When and for how long should I be pumping? 

Moms may pump for many reasons: engorgement, sore nipples or problems latching on; babies that are too sick or too premature to nurse; to increase or maintain milk production; to be ready for an occasional separation; so Dad can give a bottles; to go back to work; or personal preference.

Often the best time to pump is right after one, two, or three of the first breast feeding sessions of the day. If your baby goes a long stretch without nursing, during their sleep or your work, pumping in-between nursing can be great.

Night vs day milk — does it make a difference whether I pump during the day or at night?

As it turns out, yes! Scientists in Israel have discovered that there is a circadian change in melatonin levels in breast milk. Melatonin is naturally produced by our bodies when it’s time for bed, to make us drowsy. Daytime milk has less melatonin, nighttime milk has more to help baby relax and sleep.

What does this mean for pumping? Well, one idea is to label the time of pumping on each portion of expressed breast milk. Pulling out a night-pumped portion for nighttime feedings could be just the ticket to a better night’s sleep. It might be a great trick for traveling with babies on long trips, too.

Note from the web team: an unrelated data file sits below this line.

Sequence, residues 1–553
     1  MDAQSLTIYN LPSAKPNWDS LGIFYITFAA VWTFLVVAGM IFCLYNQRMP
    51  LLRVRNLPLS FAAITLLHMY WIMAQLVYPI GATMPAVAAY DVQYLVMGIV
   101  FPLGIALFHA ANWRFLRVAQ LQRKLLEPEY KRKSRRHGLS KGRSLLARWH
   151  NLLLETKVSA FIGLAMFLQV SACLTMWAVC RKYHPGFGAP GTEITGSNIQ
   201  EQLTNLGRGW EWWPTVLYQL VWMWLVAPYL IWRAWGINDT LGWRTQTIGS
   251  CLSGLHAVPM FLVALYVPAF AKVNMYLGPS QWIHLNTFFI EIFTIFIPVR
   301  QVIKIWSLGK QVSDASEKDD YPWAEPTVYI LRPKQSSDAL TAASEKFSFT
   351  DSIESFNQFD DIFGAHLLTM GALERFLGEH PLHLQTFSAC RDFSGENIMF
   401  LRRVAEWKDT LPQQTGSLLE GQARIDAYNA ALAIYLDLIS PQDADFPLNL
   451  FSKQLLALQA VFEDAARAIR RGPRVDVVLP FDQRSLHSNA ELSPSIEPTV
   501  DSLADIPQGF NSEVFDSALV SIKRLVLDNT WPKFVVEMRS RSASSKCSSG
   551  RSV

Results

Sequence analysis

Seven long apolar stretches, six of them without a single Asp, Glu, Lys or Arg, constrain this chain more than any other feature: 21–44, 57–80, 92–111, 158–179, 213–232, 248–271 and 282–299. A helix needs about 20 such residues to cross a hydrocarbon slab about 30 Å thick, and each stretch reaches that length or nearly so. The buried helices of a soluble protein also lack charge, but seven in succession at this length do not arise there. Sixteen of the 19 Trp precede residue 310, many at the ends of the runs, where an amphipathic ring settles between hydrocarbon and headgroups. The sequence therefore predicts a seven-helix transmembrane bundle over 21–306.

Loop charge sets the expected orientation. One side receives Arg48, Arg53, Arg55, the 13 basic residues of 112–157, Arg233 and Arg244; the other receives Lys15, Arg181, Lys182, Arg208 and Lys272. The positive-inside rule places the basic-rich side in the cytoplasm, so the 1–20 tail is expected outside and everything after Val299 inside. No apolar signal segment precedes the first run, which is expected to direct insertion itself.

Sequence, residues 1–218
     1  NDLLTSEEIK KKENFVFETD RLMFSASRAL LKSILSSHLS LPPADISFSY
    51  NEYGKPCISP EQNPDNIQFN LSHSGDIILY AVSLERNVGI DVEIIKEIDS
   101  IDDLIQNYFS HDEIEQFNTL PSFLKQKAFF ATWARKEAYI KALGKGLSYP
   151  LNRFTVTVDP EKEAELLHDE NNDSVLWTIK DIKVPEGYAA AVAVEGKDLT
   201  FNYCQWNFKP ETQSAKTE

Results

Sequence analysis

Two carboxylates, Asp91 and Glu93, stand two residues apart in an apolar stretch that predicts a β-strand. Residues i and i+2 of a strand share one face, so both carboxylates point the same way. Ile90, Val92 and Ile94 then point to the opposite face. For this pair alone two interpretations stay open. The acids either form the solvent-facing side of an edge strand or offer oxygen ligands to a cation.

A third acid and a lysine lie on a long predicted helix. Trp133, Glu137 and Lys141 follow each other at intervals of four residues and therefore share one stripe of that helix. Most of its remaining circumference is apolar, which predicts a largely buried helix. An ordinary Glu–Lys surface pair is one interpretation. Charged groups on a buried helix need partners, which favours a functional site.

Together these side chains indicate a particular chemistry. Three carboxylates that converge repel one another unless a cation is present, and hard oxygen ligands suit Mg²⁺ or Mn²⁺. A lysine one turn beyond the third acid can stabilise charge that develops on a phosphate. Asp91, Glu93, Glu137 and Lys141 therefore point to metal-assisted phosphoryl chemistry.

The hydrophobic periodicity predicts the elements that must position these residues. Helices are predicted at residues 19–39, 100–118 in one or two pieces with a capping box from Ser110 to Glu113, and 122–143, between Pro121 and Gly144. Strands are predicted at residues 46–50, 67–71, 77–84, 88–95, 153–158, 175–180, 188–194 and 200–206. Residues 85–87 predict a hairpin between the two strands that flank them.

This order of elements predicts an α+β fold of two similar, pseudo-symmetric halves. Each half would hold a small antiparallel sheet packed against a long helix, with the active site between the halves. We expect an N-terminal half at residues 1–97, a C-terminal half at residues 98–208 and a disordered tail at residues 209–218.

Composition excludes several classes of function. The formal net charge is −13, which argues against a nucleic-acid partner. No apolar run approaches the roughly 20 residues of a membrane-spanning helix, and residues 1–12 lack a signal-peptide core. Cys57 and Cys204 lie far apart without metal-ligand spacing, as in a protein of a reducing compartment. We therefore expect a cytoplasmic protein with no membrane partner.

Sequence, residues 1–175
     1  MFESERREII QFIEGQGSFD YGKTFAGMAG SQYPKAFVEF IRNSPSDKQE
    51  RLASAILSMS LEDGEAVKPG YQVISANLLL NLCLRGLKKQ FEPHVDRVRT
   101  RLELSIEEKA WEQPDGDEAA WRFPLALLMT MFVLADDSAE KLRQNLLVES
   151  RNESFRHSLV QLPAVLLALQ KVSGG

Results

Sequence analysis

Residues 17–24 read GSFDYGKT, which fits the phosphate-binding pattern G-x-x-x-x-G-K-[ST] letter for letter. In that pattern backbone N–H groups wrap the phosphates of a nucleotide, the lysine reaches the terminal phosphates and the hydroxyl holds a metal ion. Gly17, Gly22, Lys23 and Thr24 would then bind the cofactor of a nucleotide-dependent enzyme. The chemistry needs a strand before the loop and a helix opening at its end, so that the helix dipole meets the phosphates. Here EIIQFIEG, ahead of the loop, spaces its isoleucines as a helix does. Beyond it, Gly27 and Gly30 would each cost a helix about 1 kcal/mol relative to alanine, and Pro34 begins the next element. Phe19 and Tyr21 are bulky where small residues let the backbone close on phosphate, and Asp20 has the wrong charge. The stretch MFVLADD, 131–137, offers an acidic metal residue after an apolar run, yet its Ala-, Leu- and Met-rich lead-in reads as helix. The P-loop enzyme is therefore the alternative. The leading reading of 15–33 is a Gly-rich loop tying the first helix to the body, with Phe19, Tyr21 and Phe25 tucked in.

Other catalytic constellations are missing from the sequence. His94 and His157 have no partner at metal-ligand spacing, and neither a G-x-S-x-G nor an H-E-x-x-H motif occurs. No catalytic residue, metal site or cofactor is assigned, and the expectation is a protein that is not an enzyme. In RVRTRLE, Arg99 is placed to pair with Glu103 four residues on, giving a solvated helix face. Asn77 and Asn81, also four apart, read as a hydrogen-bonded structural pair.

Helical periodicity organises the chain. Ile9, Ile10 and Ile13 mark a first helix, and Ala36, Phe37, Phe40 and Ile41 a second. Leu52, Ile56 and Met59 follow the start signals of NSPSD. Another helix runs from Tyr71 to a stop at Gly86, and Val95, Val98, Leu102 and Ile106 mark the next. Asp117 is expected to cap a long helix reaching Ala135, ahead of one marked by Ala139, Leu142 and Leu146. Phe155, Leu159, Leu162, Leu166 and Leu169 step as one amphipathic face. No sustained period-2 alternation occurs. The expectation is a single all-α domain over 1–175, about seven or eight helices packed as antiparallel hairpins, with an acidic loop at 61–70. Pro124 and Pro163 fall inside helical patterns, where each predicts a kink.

How long can breast milk stay at room temp, in the fridge, in the freezer?

I prefer keeping pumped milk in a cooler with an ice pack rather than storing it at room temperature, though in a pinch keeping it as long as 10 hours at room temperature can be okay.

In the fridge breast milk stays good from 3 to 8 days. If it’s not used within 72 hours, I prefer moving it to the freezer for extra safety. In the freezer it stays good for 3 to 6 months (use your oldest milk first) and in deep freeze it stays good for an entire year.

Note: Dr. Greene is an Advisor to Naya Health, makers of the hospital-grade breast pump pictured above. It is design to provide a high quality, quiet, comfortable pumping experience.

References:

  1. Macknin ML, Medendorp SV, Maier MC, Infant sleep and bedtime cereal. Am J Dis Child 1989 Sep; 143(9):1066-8
  2. Hall RT, Infant feeding. Pediatr Rev – 2000 Jun; 21(6): 191-9.
  3. Cohen EA, Hadash A, Shehadeh N, Pillar G, Breastfeeding may improve nocturnal sleep and reduce infantile colic: potential role of breast milk melatonin. Eur J Pediatr. 2012 Apr;171(4):729-32.

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Dr. Alan Greene Founder of DrGreene.com

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